It Not "Just Recess" Anymore!

Teachers often heave a sigh of relief when they take their students out to recess. Finally! The children can burn off the pent up energy they had been accruing for the past few hours indoors. But what if we change our outlook on outdoor play time? What if we create an outdoor environment that offered all of the learning opportunities that one would typically find indoors? What if children could run out to a well-planned play yard to find experiences in math, science, nature, dramatic play, water, building and construction, sensory activities, physical development, art and music? What if they play yard developed critical thinking, discovery, problem solving, and cooperative skills? The result would be that we wouldn't have "just recess" anymore. We would have The Outdoor Classroom!

Wednesday, October 19, 2011

NEEDED: Nature Inspired Ideas!

Do you have any wonderful nature-inspired ideas to share? Our Outdoor Classroom is always filled with so many fabulous activities. We have dramatic play, music, art, blocks, sensory bins, fine motor, sand, writing, bikes and more. But it always seems that "nature" itself gets overlooked. We garden, we play in the sand, and we've added the token box of "Nature Exploration" items (pinecones, tree cookies, etc) to the sandbox. But I want to add MORE! Any ideas? I would love to hear your thoughts.

Also, I was told by my director that we have a bundle of 8 foot willow branches for use in the Outdoor Classroom. I would love to use them, but I am stumped as to how. If you have any photos or ideas for adding willow branches to the environment, please help. THANKS!!

You can post your ideas in the comments or post to the Linky below.

Exploring Nature With Children


  1. I would definitely check let the children play for some of her photos. I have seen photos where people have taken willow branches and woven them into a tunnel. But those were live, young branches so they were flexible. And in the summer months they would be full of leaves so it makes a nice shady spot.

    With my toddlers I have always done gardening. We grow some flowers because who doesn't love to see a flower bloom. Some we have started from seed and some we have bought seedlings. They love the sunflowers and can see how the flower actually produces the seeds (which is my rationale for not letting them pick all the flowers). But we really do more food. We have grown pumpkins and other winter gourds/squash then we pick them in fall to bring inside for our farmer's market. Cherry tomatoes are popular with the children but I heard st some point the the leaves on the plant are contagious so I would check that out.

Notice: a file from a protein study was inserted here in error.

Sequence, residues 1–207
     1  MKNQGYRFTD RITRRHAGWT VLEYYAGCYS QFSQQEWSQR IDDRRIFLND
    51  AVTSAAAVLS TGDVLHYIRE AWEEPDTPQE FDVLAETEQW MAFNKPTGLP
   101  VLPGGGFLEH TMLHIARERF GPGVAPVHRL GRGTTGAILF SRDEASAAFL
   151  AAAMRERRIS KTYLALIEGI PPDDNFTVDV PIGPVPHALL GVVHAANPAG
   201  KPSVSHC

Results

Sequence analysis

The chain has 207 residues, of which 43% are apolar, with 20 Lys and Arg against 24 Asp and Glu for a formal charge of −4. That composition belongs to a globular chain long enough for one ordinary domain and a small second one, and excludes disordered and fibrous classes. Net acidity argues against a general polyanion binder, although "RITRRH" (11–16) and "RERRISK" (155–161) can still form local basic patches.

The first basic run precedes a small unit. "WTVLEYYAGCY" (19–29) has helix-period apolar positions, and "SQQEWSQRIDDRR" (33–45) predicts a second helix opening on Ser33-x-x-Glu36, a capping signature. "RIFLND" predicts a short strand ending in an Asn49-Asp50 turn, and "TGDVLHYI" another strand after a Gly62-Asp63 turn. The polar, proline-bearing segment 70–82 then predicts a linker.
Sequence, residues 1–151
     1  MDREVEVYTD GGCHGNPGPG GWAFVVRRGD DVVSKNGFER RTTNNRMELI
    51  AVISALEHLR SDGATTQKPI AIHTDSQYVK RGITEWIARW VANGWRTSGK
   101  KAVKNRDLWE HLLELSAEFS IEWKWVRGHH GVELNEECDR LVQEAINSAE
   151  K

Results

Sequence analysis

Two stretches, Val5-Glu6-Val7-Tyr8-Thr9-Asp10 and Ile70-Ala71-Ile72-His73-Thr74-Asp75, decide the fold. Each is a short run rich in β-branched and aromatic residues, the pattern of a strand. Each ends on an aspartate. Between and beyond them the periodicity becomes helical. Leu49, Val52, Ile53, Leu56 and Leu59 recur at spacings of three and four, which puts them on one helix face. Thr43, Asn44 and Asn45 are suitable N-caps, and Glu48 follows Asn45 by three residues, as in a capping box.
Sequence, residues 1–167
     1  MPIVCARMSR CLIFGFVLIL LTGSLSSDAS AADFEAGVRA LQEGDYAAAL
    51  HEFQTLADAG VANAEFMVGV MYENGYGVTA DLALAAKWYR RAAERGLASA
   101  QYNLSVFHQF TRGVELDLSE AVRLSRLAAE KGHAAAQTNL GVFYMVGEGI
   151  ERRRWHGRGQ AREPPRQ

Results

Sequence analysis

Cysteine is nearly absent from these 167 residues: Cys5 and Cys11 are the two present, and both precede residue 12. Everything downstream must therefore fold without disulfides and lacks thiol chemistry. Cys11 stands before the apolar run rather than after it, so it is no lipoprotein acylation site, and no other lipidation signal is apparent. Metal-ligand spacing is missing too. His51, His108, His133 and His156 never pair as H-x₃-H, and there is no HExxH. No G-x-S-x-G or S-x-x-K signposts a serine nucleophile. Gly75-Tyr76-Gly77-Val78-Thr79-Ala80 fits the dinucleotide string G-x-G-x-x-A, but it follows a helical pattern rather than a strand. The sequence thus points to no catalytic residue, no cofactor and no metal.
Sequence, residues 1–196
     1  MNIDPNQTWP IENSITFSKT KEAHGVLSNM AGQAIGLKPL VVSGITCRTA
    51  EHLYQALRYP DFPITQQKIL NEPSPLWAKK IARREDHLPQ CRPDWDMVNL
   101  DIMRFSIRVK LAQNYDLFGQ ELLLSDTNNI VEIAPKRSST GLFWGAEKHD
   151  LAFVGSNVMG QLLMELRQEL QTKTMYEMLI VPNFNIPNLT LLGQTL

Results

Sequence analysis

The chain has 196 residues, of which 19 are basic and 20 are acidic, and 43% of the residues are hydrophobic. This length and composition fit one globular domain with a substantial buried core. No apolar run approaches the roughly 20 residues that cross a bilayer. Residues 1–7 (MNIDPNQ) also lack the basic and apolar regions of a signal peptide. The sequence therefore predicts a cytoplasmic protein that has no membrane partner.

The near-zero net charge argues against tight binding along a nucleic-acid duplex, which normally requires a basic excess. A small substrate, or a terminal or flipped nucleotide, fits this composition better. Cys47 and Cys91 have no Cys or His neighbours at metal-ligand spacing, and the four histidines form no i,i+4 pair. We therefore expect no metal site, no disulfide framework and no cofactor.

Planting the right plants can also bring more nature to you in the form of insects, birds (it helps that we can see ours through the window since we scare the birds away). Our butterfly bush attracts a lot of hummingbirds as well. And while I always thought of those as summer plants, we actually see more butterflies in early fall so if you are not in session during the summer, you won't be missing out.

    If I think of more ideas, I'll share.

  2. Hi, we have 3 willow teepees in our playground & they have definately helped to bring nature closer to the children, they can see the seasons now. I don't have a specific link to anything about it but if you are Facebook check out these photos of our willow

  3. Thanks for the wonderful comments. We LOVE gardening and have a large garden for the children. I love the farmer's market idea!
    Kierna, thanks for the photos of your willow teepees. They are gorgeous!

  4. We also love to take butterfly nets and magnifiers outside. Amazingly, we have yet to lose a magnifying glass. They've been 'lost' for a day or two but they have held up well. This week I took our sensory table outside- it is filled with leaves and other fall nature materials we and the parents collected. We don't have many trees on our playground so we just imported our leaves. They played with it more outside than they did when it was inside.

  5. Clare Revera's website has some great ideas - she's a professional willow worker

    Also have a look at how The Coombes School use willow:

    Hope this helps!